He's a hyper-partisan.
Earlier this week, Rolling stone published an extensive interviews with President Obama in which the commander in chief went after his Republican opponents with notable venom. The interview sadly confirms what many
of us have long known: President Obama's transformation from post-partisan
healer to hyper-partisan attack dog is complete. Why has this happened?
Certainly, even those most skeptical of President Obama in January 2009 would
have been a little surprised to read an interview that drips with contempt for
so many of the president's fellow citizens. Was President Obama always like
this, and just hid his partisan side very well during the campaign, or is this a
Peggy Noonan nails what’s going on with the Democrats
Everyone talks about the tensions between the Republican establishment, such as it is, and the tea-party-leaning parts of its base. But are you looking at what's happening with the Democrats?
Tensions between President Obama and his supporters tore into the open
this week as never before, signifying a real and developing fracturing of his
party. Mr. Obama, in an interview in Rolling Stone, aimed fire at those
abandoning him: "It is inexcusable for any Democrat or progressive right now to
stand on the sidelines in this midterm election." The Democratic base "sitting
on their hands complaining" is "just irresponsible. . . . We have to
get folks off the sidelines. People need to shake off this lethargy, people need
to buck up. Bringing about change is hard—that's what I said during the
campaign. . . . But if people now want to take their ball and go home,
that tells me folks weren't serious in the first place."
At first I thought this was another example of the president's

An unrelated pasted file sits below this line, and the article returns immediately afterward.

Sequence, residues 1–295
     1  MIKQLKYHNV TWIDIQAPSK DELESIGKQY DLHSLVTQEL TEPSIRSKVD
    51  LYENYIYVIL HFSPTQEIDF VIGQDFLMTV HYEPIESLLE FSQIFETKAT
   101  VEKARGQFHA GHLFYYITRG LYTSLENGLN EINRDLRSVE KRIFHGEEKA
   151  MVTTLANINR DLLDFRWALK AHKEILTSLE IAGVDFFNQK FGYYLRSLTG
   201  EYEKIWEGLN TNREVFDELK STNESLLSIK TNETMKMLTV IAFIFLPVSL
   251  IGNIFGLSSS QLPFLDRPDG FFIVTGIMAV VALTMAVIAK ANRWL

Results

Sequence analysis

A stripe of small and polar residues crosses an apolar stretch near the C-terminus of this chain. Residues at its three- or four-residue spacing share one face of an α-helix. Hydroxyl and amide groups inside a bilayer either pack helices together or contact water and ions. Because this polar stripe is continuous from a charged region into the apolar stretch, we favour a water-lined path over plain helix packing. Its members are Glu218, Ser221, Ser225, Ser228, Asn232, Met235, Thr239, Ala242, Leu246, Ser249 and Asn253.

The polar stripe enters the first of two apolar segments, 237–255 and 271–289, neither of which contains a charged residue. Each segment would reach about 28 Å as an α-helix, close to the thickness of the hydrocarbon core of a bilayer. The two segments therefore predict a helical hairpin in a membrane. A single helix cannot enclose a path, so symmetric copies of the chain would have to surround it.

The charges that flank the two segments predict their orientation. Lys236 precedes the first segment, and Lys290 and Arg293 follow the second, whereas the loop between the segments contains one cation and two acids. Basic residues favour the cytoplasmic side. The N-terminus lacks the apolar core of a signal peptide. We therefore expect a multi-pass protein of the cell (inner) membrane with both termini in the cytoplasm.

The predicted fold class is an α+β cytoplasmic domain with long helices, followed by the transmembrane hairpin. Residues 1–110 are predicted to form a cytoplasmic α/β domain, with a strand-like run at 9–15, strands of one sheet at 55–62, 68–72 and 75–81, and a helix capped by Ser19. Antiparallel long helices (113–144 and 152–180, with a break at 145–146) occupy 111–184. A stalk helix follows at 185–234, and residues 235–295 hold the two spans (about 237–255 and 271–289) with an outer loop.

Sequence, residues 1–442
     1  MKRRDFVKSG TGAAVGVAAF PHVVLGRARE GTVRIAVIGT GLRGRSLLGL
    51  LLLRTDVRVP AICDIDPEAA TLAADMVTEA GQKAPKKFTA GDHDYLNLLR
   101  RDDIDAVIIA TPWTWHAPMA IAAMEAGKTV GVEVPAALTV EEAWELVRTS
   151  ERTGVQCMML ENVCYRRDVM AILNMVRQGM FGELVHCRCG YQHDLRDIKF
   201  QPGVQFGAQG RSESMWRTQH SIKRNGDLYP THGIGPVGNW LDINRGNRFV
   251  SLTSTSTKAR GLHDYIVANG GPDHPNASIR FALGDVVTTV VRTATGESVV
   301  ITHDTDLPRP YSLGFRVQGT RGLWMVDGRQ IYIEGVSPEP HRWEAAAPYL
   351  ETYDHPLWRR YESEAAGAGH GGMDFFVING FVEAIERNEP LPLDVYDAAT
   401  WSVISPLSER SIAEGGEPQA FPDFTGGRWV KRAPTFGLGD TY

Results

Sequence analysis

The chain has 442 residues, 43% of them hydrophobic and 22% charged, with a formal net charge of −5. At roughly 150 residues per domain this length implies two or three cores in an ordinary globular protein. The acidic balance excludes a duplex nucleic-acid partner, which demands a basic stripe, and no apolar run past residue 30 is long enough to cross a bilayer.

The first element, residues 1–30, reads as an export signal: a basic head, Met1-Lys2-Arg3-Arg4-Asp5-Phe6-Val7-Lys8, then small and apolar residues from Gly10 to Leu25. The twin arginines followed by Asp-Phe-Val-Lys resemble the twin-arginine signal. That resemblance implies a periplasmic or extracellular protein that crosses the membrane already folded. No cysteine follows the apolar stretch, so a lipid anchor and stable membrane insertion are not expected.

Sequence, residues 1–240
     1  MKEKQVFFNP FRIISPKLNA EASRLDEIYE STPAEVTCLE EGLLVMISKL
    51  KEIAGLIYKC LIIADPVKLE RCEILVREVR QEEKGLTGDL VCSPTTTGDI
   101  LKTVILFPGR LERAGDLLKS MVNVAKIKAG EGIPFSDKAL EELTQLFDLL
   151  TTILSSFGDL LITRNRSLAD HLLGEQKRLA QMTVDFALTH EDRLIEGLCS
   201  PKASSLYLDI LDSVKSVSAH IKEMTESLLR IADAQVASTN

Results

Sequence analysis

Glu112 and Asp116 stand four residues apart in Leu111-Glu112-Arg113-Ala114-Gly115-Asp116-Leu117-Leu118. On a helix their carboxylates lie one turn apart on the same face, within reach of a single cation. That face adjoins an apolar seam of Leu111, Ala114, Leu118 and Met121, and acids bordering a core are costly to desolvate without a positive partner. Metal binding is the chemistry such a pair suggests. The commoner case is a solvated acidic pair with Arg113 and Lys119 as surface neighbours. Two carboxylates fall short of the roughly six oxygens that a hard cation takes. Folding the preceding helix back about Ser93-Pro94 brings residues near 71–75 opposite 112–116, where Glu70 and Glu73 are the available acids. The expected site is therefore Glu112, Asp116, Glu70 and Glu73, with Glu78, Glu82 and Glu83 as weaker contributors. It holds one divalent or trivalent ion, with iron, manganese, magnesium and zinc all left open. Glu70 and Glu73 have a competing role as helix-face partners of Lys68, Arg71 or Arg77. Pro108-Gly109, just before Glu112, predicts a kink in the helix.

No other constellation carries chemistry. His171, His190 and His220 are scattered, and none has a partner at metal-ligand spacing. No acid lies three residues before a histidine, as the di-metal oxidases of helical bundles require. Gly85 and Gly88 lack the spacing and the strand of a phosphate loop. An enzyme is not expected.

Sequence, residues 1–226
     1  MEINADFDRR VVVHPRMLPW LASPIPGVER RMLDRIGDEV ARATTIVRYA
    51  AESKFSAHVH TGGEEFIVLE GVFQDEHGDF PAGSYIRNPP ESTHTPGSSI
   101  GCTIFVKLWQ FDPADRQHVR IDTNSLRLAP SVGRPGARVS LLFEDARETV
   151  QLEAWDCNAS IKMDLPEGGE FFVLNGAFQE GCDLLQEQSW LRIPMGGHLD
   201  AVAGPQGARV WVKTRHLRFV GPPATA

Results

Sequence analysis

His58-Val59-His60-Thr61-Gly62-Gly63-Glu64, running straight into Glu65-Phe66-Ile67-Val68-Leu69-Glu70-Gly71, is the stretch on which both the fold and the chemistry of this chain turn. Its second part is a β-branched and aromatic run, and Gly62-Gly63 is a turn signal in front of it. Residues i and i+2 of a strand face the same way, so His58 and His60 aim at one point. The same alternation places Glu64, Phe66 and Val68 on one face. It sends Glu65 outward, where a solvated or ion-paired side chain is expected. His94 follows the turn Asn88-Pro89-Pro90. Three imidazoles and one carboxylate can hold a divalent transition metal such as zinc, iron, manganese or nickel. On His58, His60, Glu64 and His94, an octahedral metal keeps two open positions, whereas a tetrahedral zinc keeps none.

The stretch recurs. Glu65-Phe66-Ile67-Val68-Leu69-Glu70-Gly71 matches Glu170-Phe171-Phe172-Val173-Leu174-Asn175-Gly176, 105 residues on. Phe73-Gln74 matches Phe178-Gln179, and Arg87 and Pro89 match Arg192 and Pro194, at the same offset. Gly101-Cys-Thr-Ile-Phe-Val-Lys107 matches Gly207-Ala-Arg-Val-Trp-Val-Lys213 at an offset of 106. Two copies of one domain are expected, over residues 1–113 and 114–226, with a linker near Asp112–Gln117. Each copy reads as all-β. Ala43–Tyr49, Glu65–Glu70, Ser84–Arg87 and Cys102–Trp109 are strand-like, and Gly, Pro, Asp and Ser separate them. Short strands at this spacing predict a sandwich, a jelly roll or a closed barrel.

now-habitual political ineptness, his off-key-ness. You don't diss people into
voting for you, you can't lecture them into love. The response from the left was
fierce, unapologetic—and accusatory. Mr. Obama had let them down, he'd taken
half measures. "Stop living in that bubble," shot back an activist on cable. But
Jane Hamsher of the leftist blog Firedoglake saw method, not madness. She
described the president's remarks as "hippie punching" and laid them to cynical
strategy: "It's about setting up a narrative for who will take the blame for a
disastrous election." She said Mr. Obama's comments themselves could "depress
Take the blame? Disastrous? Setting up a narrative?
This isn't the language of disagreement, the classic to-and-fro
between a restive base and politicians who make compromises. This is the
language of estrangement. It is the language of alienation.
There is a war beginning in the Democratic Party, and the president
has lost control of his base
10 Senate Seats the GOP is Likely to Win
Instead of the wilderness years, it’s been the wilderness months for
The conventional wisdom in the political community is that
Republicans will probably win the House in the midterm election but fall short
of capturing the Senate. Maybe, but Republicans have at least a 50-50 shot
at taking the Senate, too.
My estimate for Republican pickups is 60 in the House and 10 in the Senate. Not a bad haul for a party that was supposed to be in the wilderness for a decade or more. Instead of the wilderness years, it’s been the wilderness months for Republicans.
I’ve given you the first and last paragraph of this story. To find out which 10 Barnes thinks the Republicans can win read about it here.
McMahon Pulls Even With Blumenthal, Faces Blistering Attack From National Dems
Former WWE CEO Linda McMahon's sudden surge against the once-invincible Dick Blumenthal in the Connecticut Senate race has put Blumenthal, the Democratic
state attorney general, on the ropes and bolstered Republican hopes of taking
control of the upper chamber.
A new Quinnipiac University poll released Tuesday shows Blumenthal leads McMahon by just 3 percentage points, erasing the 41-point lead he held in January. And the reliable Cook Political Report has deemed the race up for grabs.
This is a good demonstration of the wave type of election 2010 appears to be developing into. When Chris Dodd (who was in serious trouble with the voters) decided not to run again, the Democrats had a collective sigh of relief as Dick Blumenthal threw his hat into the ring. As the story points out he was 41 points ahead. But since that time the landscape as turned bad for the Democrats.
Looking at the Real Clear Politic Senate numbers we see what was once consider safe seats either now up for grabs or actually in the lean or likely Republican column. In the House, if you look at the Democrat and Republican seats that aren’t considered safe seats, you have 117 democrat seats and 16 Republican seats.